DUBAI: Iran inaugurated a long-awaited $1 billion project to expand its southeastern Chabahar port which Tehran hopes would help the country become a key transit route to Afghanistan and Central Asia, competing with Gwadar port.
President Hassan Rouhani inaugurated the expansion, carried out with an investment of $1 billion, including $235 million from India. The project has more than tripled the port’s capacity to 8.5 million tonnes a year.
India has committed $500m to the Gulf of Oman port, which is Iran’s closest to the Indian Ocean and would allow it to bypass Pakistan. But New Delhi has proceeded cautiously at a time when Washington has taken an aggressive approach towards Tehran.
In October, India sent its first consignment of wheat to Afghanistan through Chabahar, about 140km from Gwadar.
The project was executed by a Revolutionary Guard-affiliated company, Khatam al Anbia, the largest Iranian contractor of government construction projects. It involved several subcontractors, including a state-run Indian company.
The expansion includes five new piers, two of them for containers allowing cargo vessels with up to 100,000-tonne captaincy to dock.
President Rouhani, however, downplayed suggestions of rivalry with Pakistan’s Gwadar port in his inauguration speech and said the port would bring “more engagement and unity” among countries of the region.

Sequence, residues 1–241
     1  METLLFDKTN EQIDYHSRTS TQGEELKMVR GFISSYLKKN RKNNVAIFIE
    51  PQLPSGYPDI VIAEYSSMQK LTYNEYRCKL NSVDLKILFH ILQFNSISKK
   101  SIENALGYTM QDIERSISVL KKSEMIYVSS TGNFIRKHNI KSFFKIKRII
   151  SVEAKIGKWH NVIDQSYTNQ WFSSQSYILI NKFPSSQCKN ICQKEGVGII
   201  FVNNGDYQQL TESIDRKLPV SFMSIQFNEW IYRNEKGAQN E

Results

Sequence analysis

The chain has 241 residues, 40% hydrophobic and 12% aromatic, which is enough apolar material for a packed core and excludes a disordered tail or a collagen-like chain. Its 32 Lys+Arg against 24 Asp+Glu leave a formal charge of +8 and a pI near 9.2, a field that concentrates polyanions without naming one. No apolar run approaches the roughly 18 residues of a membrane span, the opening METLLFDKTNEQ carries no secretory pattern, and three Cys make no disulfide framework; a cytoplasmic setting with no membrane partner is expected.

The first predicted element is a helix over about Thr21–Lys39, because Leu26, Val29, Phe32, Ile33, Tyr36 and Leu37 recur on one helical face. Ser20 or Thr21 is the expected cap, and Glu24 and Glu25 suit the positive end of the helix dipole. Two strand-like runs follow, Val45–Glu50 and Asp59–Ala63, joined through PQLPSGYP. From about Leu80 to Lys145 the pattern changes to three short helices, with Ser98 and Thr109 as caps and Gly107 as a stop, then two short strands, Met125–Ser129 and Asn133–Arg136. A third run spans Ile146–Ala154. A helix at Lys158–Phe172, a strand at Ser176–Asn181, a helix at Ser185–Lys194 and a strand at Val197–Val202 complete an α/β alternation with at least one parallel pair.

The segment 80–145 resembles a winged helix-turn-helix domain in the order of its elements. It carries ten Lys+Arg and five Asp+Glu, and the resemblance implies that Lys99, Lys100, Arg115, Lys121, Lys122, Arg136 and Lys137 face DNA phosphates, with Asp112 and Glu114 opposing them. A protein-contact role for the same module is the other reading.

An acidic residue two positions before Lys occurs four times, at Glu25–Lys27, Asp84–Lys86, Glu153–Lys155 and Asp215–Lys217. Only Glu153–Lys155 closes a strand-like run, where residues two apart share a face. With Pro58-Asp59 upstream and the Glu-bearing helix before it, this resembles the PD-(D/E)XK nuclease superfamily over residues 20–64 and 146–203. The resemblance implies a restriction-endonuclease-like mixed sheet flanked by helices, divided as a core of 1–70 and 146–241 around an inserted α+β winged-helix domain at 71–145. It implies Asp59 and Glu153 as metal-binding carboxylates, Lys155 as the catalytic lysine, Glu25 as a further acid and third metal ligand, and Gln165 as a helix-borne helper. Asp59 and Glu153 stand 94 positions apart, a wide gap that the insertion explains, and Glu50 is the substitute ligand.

“We should go after positive competition,” he said. “We welcome other ports in the region, we welcome Gwadar’s development.”
He said Iran also planned to link the port to the country’s railroad network to facilitate transit of goods to neighbouring landlocked Central Asian countries, as well as open a route to eastern and northern Europe through Russia.
Iranian state TV said the inauguration was attended by dignitaries from India, Qatar, Pakistan and Afghanistan.
The Minister for Maritime Affairs, Senator Mir Hasil Khan Bizenjo, represented Pakistan at the ceremony.
Chabahar also has an international airport and Iran’s navy and air force have bases in the city, adding to the port’s value.
“Through this port, goods will be delivered to neighbouring countries at cheaper prices and in a shorter time,” President Rouhani said.
The project was conceived in 2003. The port can accommodate giant ships up to a dry weight of 120,000 tonnes, with further stages of development due to expand the port over the next 14 years.
“Chabahar will soon become an important commercial hub for Iran,” Transport Minister Abbas Akhoundi said at the ceremony.
Iran has a broader vision of linking the Indian Ocean port with a railway through Zahedan, on the Pakistan border, up to Mashhad in the northeast.
But the project, aimed at facilitating trade with Afghanistan and Central Asia, has been slow to get off the ground.
Mr Rouhani underlined the importance of Chabahar as Iran’s only port outside the Gulf, and therefore outside an area that is often the locus of tensions with the US navy and Iran’s regional rivals.
Published in Dawn, December 4th, 2017